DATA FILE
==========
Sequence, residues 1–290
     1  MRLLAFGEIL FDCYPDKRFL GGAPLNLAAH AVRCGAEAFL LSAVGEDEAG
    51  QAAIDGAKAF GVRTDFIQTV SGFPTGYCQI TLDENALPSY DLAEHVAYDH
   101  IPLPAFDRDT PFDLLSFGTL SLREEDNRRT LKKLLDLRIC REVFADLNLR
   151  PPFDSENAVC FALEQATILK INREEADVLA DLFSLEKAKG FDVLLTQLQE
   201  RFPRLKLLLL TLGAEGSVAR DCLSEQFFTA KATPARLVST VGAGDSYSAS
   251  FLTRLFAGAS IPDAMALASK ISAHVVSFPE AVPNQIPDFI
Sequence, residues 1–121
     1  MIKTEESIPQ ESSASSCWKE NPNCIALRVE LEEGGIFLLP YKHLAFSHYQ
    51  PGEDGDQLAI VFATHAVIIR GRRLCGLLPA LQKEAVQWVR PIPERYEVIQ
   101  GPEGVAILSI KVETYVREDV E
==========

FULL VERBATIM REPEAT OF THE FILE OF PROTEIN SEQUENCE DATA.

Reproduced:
Sequence, residues 1–290
     1  MRLLAFGEIL FDCYPDKRFL GGAPLNLAAH AVRCGAEAFL LSAVGEDEAG
    51  QAAIDGAKAF GVRTDFIQTV SGFPTGYCQI TLDENALPSY DLAEHVAYDH
   101  IPLPAFDRDT PFDLLSFGTL SLREEDNRRT LKKLLDLRIC REVFADLNLR
   151  PPFDSENAVC FALEQATILK INREEADVLA DLFSLEKAKG FDVLLTQLQE
   201  RFPRLKLLLL TLGAEGSVAR DCLSEQFFTA KATPARLVST VGAGDSYSAS
   251  FLTRLFAGAS IPDAMALASK ISAHVVSFPE AVPNQIPDFI
Sequence, residues 1–121
     1  MIKTEESIPQ ESSASSCWKE NPNCIALRVE LEEGGIFLLP YKHLAFSHYQ
    51  PGEDGDQLAI VFATHAVIIR GRRLCGLLPA LQKEAVQWVR PIPERYEVIQ
   101  GPEGVAILSI KVETYVREDV E